Nowadays, many are singing the praises of marijuana. Whether it be as a medicinal treatment, an anti-anxiety agent or a “harmless” recreational drug, more and more people are having a change of heart towards this drug’s effects. While marijuana may well hold medicinal properties, the effects from abusing this drug are no different than any other addictive substance.
With recreational use, the risk of developing marijuana addiction increases with each passing day to the point where you can no longer stop using on your own. Knowing the signs to look for can help you determine whether some form of marijuana addiction treatment is needed.
For more information on marijuana addiction treatment programs, call our toll-free helpline at 800-609-2774.
According to Harvard Health Publications, any one drug’s ability to alter the brain’s dopamine production rates ultimately determines its addiction potential. Like other addictive substances, marijuana alters dopamine level outputs through its interactions with GABA, another essential neurotransmitter chemical.
In effect, increases in dopamine production skew brain reward system functioning towards dependence on the drug. As the reward system changes, the compulsive drug-using behaviors that characterize addiction start to take shape.
The following 4 signs signify a need for treatment:
1. Needing Larger Doses to Get “High”
With continued marijuana use, the brain’s chemical system becomes less sensitive to the drug’s effects. When this happens, you have to ingest larger amounts in order to experience its desired effects.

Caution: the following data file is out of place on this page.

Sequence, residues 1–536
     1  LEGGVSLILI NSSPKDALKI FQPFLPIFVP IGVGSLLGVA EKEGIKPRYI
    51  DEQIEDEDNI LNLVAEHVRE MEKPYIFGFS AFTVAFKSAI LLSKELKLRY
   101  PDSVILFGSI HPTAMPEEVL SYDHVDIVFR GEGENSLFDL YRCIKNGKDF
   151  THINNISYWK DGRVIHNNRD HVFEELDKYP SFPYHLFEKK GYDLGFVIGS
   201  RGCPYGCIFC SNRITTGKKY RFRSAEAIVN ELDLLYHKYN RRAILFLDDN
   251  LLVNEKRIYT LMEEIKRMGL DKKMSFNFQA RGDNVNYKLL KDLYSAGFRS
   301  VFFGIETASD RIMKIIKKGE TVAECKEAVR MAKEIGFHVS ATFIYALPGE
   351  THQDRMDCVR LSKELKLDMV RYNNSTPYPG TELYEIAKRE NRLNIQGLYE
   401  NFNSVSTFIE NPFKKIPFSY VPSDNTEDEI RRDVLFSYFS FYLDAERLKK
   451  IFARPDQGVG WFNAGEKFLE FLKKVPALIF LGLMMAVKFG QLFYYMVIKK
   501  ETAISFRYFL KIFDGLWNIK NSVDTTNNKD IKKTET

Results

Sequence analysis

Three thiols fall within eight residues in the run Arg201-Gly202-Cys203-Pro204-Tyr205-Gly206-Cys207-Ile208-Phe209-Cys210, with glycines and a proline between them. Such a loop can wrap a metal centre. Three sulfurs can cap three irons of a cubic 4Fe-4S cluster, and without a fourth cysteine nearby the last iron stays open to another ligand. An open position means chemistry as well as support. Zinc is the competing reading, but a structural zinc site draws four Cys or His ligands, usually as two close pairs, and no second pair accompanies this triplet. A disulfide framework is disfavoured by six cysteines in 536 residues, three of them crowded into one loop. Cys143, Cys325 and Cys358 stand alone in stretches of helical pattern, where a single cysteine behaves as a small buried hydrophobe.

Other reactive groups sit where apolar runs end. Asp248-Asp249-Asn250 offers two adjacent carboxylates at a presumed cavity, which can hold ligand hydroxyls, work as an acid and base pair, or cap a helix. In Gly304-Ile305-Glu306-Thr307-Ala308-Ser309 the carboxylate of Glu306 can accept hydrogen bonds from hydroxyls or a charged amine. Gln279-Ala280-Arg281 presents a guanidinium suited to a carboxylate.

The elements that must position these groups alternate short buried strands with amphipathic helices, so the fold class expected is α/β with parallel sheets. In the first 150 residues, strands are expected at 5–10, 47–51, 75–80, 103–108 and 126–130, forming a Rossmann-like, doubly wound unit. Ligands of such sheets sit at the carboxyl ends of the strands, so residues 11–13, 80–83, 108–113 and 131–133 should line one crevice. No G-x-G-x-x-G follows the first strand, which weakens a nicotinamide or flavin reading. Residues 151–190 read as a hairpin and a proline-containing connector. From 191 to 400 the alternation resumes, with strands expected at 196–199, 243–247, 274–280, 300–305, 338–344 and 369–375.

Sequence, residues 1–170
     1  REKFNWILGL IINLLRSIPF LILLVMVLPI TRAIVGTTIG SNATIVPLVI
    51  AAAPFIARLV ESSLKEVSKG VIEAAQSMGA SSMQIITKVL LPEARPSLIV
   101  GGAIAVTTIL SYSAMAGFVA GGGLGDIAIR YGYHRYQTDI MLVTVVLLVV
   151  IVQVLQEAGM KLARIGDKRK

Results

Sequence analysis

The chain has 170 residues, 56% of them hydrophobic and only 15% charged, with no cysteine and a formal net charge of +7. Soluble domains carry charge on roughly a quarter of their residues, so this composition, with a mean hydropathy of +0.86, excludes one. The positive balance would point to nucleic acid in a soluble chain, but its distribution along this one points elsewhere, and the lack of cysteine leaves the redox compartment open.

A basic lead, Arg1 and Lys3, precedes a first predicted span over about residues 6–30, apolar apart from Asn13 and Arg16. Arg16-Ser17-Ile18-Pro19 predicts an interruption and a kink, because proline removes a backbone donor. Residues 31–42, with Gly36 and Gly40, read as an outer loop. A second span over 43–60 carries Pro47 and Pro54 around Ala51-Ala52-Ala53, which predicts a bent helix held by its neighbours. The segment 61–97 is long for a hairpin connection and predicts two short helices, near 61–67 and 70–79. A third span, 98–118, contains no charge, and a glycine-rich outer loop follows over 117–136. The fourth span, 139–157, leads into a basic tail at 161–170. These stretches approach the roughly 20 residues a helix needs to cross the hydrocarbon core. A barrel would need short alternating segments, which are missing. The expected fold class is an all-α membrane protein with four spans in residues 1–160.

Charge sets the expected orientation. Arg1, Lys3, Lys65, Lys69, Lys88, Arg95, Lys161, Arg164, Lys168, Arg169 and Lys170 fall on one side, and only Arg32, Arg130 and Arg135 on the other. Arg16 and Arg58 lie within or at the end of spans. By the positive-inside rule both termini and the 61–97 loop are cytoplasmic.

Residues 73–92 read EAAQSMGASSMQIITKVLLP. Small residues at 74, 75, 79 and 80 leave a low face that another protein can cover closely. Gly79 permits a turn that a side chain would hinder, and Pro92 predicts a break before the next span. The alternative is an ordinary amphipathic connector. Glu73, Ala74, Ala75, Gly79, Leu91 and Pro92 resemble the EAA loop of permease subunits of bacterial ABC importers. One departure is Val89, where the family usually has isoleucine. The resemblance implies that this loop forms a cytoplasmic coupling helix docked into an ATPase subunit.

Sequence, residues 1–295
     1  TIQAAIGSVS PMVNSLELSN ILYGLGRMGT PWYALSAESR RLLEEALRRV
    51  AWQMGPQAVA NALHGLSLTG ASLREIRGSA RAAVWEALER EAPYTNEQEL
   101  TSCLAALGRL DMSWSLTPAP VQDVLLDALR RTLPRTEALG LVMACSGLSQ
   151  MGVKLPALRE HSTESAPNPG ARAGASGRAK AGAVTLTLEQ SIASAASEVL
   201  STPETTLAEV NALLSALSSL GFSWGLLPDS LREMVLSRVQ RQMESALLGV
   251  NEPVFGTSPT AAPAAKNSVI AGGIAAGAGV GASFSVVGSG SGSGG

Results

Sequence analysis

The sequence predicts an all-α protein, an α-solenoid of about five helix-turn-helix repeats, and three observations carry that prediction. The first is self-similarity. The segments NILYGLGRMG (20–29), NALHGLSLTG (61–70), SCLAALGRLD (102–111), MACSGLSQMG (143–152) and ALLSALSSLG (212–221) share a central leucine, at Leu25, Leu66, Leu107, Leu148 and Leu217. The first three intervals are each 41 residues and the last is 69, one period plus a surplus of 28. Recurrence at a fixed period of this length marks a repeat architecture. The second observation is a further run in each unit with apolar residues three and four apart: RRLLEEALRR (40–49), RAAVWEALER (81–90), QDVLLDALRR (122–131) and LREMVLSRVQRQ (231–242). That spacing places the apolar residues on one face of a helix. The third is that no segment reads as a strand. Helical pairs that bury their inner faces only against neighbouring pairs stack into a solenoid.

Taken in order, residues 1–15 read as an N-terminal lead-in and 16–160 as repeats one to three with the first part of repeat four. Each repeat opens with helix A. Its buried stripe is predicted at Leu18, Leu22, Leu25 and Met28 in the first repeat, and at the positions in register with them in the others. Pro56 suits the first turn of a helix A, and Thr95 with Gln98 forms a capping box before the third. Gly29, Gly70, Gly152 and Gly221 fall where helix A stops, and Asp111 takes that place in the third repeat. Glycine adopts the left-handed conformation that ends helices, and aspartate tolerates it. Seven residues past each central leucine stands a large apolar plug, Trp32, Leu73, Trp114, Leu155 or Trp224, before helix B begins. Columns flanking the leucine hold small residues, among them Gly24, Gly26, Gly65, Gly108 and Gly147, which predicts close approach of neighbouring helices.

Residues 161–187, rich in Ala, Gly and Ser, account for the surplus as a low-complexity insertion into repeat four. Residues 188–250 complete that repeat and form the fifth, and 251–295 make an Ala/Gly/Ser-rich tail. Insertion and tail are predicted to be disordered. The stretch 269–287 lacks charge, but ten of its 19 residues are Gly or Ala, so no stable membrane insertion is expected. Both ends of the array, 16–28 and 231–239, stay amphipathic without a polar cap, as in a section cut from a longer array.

For instance, if what was once a “joint” a day has now evolved into three “joints” a day, the brain’s tolerance for marijuana’s effects have increased considerably. These changes mark the beginnings of a growing addiction problem.
2. Withdrawal Symptoms
According to the Journal of Addiction Science & Clinical Practice, on average, people entering marijuana addiction treatment have over 10 years of daily marijuana use. They’ve also made multiple failed attempts to stop using on their own.
The recurring withdrawal symptoms that develop during the course of ongoing marijuana abuse account for much of the reason why it’s so hard to stop using on your own. Symptoms experienced include:
As getting past these effects is the only route to sobriety, one of the key benefits of marijuana addiction treatment is the level of support and care provided during the initial detox stage.
3. Emotional Instability
Marijuana addiction most impacts a person’s thinking and emotions to the point where a full-blown psychological dependence takes hold. In the process, the drug’s effects create a highly unstable chemical environment in the brain.
Likewise, these changes will leave you emotionally unstable, experiencing periods of depression and bouts of anxiety on a recurring basis.
4. Changing Priorities
Over time, the effects of marijuana abuse on your thinking and emotions slowly but surely bleed into your daily behavior. This means, someone who usually has near-perfect attendance at work or school now has more frequent absences. This shift in priorities also shows up in your relationships as well as within your financial dealings.
In the absence of needed marijuana addiction treatment, a person’s life will continue to decline to the point where drug use is all he or she really cares about. If you’re seeing one or more of the above signs taking shape in your life, it’s time to consider seeking out some form of marijuana addiction treatment.
If you help finding a treatment program that’s right for you, we can help. Call our helpline at 800-609-2774 to discuss treatment options with one of our addiction specialists.